Chairman McGaha recognized Representative Comer, who introduced Dr. Pete Dreisbach, Director of FFA in Breckenridge County.
Representative Comer also asked Mr. Rogers about the status of an $800,000 forgivable loan approved for PIC North America, which planned to leave Simpson County for a Tennessee location. Genus plc, a British beef and dairy cattle genetics company, acquired Sygen International, PIC North America’s parent company, in December 2005.
Mr. Rogers told the committee he met with Genus plc representatives and discussed the status of the $800,000 loan. Even though PIC would have 10 years to repay the loan, he said he anticipated they would do something “more quickly.”
Next, Mr. Perry Nutt, an LRC Staff Economist, joined Mr. Rogers at the table along with Joel Neaveill, of the GOAP staff, to discuss the appropriation of tobacco settlement moneys in the 2006 budget. In his presentation, Mr. Nutt reviewed MSA actual payments beginning in FY 2000, estimated and actual payments from FY 2000 to FY 2008, the allocation of tobacco settlement dollars under HB 380 and the 2006 final free conference report, and the GOAP’s balance sheet under the final budget.
Mr. Rogers also reviewed the status of agriculture development fund dollars. According to his report, tobacco settlement fund, general fund, and carry forward moneys amounted to $36.7 million. The FY 06 appropriation increased that to $42.3 million, but cash due commitments reduced the total by $5.5 million. Mr. Rogers told the committee that total funds available for state-level projects through June 30, 2008 would amount to $34.9-$38.9 million, depending on how much would be distributed through a Phase II amnesty program, also established in the 2006 budget.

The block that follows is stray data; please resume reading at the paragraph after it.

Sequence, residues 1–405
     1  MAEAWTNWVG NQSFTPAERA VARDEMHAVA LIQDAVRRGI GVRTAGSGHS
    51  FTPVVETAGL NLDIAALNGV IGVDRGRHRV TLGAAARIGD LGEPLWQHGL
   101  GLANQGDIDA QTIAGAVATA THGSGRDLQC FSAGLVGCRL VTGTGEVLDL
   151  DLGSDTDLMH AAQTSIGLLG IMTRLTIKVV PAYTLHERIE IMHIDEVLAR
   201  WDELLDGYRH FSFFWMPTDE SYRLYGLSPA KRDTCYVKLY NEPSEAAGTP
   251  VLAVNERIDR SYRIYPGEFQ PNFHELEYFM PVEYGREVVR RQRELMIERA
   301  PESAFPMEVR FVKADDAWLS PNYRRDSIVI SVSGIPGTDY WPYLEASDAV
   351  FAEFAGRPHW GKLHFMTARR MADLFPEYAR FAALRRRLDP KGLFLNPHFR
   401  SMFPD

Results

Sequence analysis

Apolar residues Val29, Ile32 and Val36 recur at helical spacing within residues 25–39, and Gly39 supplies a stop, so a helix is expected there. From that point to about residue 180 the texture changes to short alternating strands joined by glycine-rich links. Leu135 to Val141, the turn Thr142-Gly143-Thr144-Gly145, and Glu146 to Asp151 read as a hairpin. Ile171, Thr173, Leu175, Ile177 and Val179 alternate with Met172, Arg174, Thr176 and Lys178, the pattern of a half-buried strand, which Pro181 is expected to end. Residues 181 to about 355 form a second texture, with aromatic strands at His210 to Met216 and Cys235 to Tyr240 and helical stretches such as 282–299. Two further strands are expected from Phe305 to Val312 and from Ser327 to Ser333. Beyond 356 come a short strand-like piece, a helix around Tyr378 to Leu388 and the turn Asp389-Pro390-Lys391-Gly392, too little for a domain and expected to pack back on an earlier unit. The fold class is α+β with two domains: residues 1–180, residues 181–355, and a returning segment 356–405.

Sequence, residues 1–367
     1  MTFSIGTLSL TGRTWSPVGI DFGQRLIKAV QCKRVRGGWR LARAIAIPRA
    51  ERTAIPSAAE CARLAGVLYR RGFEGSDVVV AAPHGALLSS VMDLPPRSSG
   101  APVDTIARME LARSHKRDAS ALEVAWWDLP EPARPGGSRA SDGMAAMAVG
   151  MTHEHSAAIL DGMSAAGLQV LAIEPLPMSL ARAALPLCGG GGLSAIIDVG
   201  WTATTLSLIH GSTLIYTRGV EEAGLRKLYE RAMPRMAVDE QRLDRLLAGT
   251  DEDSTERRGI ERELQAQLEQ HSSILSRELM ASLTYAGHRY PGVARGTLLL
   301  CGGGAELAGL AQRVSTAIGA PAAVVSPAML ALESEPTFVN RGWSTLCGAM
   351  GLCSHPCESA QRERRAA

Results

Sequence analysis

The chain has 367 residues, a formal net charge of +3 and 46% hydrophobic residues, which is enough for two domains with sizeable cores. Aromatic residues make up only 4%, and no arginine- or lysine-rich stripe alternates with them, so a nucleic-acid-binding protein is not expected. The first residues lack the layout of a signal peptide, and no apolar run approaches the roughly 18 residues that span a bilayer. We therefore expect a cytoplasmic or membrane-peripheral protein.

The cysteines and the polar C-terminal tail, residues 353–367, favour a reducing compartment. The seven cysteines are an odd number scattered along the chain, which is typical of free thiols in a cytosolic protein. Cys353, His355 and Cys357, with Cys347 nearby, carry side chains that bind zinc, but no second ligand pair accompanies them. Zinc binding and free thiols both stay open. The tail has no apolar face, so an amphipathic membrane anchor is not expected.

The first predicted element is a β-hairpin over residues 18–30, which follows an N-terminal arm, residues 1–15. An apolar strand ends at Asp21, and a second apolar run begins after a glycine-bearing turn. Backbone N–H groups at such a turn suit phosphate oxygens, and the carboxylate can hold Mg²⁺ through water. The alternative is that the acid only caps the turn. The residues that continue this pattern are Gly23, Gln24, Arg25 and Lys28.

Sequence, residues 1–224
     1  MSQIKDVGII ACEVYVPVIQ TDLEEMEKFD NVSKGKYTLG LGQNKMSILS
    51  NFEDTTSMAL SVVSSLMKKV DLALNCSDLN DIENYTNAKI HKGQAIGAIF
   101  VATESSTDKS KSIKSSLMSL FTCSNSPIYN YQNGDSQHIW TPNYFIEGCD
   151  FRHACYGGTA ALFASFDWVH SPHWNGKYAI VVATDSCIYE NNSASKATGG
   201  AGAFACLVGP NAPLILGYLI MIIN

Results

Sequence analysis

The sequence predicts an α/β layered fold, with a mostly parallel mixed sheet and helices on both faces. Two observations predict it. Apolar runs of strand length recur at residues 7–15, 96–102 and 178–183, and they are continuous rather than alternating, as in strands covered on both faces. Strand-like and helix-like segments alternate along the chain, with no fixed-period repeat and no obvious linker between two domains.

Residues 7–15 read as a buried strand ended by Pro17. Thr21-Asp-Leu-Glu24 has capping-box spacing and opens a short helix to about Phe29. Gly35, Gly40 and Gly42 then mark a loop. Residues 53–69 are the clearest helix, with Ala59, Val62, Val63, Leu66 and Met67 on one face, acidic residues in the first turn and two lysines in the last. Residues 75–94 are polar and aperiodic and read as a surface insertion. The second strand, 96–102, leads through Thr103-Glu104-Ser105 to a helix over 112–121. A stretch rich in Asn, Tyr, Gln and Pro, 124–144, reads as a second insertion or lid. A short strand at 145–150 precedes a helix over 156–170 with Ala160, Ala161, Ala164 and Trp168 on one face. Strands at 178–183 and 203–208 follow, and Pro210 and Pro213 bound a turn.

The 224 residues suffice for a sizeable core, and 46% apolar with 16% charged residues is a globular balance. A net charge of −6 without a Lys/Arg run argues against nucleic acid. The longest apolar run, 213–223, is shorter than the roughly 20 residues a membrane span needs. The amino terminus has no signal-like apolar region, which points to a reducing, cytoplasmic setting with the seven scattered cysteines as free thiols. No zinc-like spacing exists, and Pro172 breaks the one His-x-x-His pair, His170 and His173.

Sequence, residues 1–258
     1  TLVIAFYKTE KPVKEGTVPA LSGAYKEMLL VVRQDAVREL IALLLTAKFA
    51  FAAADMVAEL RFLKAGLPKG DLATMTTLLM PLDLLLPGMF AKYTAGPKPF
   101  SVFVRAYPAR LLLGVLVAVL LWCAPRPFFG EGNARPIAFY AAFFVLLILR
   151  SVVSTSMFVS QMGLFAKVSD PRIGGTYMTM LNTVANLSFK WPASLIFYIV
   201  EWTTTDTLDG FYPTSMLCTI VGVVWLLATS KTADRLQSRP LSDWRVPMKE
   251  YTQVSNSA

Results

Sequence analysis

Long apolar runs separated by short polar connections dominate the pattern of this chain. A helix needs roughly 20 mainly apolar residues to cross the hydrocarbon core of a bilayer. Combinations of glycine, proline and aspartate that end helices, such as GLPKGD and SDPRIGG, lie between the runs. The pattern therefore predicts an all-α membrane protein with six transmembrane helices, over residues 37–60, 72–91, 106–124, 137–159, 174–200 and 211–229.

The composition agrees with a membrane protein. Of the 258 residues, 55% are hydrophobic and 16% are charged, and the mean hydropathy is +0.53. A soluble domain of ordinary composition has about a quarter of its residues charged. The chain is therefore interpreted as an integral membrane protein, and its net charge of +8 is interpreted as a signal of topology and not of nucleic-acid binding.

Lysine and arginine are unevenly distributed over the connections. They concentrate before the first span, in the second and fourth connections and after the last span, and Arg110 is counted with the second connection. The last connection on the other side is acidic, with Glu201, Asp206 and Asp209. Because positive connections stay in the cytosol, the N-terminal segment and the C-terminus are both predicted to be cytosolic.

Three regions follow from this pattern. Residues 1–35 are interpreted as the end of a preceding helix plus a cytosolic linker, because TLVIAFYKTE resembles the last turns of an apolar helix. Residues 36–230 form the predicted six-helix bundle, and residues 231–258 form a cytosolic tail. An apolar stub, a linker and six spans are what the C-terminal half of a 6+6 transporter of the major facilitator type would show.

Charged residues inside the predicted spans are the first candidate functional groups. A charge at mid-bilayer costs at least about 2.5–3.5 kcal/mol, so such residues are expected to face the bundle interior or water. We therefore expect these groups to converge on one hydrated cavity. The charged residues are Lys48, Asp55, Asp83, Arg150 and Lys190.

During committee questioning, Mr. Neaveill said the deadline for people to apply for unclaimed Phase II checks from the final distribution would be June 30. Mr. Rogers indicated the remainder of those funds would escheat to the state.
Representative McKee said he saw two looming problems with the agricultural development funds -- first the need to preserve the remaining funds and discontinue using them to pay off statewide water and sewer bonds, and the continued erosion of the amount of the funds coming to the state from tobacco companies.
Finally, the committee heard a report by Mr. Steve Meredith, Executive Director of the Agriculture Communications Foundation, which was seeking to launch a television program on KET called “Kentucky Farm and Garden.” Mr. Meredith said KET had agreed to air the farm and garden TV series and had suggested that he team with Studio-Link of Lexington to put the programming package together. According to prepared remarks, the program would have a broad-based appeal to the public television audience with topics of interest to a wide range of viewers.
Mr. Meredith had applied for $410,000 in state ADB funds, but had not received final approval.
Responding to Chairman McGaha, Mr. Meredith said Studio-Link had experience in developing programs about Kentucky, such as the bourbon industry and the horse industry. In further discussion, he said he had talked with state university representatives about gaining their assistance.
Senator Pendleton mentioned the request for $410,000 in tobacco settlement funds. He asked about other commitments. Mr. Meredith responded that some agricultural interest group and commodity groups had pledged their financial support. He said those commitments would reduce the amount sought from the ADB. He later said they would need $600,000-$700,000 to keep the program going, once it began.
He also said they would be able to archive program film footage for future use.
Documents distributed during the meeting are available with meeting materials in the LRC Library.
The meeting ended at approximately 2:30 p.m.